tively awarded, investigator-initiated grants are only a small portion of the overall support for plant science research. The National Science Foundation (NSF) and, until recently, the National Institutes of Health (NIH), have historically awarded more funds for plant research and training through competitive, investigator-initiated granting programs than has USDA.
The members of this committee were convinced that the U.S. research effort in plant biology is not keeping pace with work in biomedically related fields because of the inadequacy of the mechanisms and funding used to support plant-science research. We believe that the federal government needs to alter dramatically its management and support of plant biology.
There are three related issues on which this report focuses in suggesting remedies for the deterioration of the plant sciences in the academic research and training enterprise. First is the mechanism of research funding (competitive versus noncompetitive; open to the larger scientific community versus closed). Second is the balance of research funding (support of basic versus applied research). Third is the commitment to building and maintaining an appropriate infrastructure of institutions and personnel (the amount of funding for research and training of the next generation of plant scientists).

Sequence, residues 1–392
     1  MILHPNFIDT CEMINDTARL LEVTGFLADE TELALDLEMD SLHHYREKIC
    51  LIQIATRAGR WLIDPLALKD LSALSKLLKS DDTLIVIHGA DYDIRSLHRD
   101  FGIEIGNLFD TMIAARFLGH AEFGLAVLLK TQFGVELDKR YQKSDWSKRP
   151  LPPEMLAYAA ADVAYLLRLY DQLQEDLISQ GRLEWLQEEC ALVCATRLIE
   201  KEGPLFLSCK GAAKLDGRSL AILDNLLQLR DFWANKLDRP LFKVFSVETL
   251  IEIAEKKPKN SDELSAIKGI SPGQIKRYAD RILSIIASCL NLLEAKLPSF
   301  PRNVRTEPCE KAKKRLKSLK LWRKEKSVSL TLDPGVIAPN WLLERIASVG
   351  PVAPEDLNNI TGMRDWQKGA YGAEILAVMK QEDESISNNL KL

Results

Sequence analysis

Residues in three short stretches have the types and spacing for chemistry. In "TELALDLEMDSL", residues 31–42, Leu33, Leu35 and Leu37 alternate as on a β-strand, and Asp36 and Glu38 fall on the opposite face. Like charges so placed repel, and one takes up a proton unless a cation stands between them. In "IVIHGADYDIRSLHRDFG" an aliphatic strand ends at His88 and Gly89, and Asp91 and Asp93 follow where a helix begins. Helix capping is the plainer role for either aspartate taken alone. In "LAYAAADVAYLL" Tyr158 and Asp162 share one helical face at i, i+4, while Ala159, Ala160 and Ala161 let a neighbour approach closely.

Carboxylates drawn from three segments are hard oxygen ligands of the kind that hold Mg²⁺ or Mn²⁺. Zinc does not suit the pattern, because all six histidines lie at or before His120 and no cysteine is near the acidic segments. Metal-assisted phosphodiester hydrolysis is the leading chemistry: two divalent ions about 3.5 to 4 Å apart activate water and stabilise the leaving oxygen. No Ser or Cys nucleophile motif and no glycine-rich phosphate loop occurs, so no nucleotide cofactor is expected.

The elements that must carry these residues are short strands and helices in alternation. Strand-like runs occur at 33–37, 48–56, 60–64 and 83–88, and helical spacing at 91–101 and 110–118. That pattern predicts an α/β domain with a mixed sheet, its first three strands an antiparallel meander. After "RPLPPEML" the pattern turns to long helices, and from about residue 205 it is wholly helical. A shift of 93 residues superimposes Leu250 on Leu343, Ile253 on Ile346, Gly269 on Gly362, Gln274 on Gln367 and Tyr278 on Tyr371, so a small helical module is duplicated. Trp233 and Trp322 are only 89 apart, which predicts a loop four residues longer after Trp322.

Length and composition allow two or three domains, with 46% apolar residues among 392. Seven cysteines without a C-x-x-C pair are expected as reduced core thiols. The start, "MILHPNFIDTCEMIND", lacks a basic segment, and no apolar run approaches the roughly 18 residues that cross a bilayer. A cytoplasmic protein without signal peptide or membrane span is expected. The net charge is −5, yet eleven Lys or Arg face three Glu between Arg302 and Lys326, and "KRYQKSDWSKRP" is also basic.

The stunting of plant sciences at a time when other fields are experiencing rapid growth initiates a self-perpetuating downward spiral in the plant sciences. As universities restructure traditional botany, zoology, and microbiology departments into thematic departments that cut across organismal boundaries, plant biology loses academic positions to fields with access to the much larger funding bases of the biomedical support structure. In 1988–1989, only 16% of plant-biology faculty were at universities that had demonstrated their competitiveness in science by ranking among the top 20 institutional recipients of federal support for research and development in the life sciences (NSF, 1990b). Between 1982–1983 and 1989–1990 the number of plant-biology faculty at